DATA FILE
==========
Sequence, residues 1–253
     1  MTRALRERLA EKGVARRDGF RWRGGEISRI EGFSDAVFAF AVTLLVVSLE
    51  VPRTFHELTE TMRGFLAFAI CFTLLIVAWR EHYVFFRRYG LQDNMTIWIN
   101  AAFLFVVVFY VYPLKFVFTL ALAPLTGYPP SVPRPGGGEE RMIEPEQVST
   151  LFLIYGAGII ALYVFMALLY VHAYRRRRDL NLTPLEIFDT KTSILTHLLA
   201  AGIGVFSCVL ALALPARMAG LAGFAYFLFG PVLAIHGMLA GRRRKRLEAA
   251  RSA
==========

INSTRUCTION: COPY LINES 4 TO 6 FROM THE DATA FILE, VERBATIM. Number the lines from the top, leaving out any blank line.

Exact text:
   101  AAFLFVVVFY VYPLKFVFTL ALAPLTGYPP SVPRPGGGEE RMIEPEQVST
   151  LFLIYGAGII ALYVFMALLY VHAYRRRRDL NLTPLEIFDT KTSILTHLLA
   201  AGIGVFSCVL ALALPARMAG LAGFAYFLFG PVLAIHGMLA GRRRKRLEAA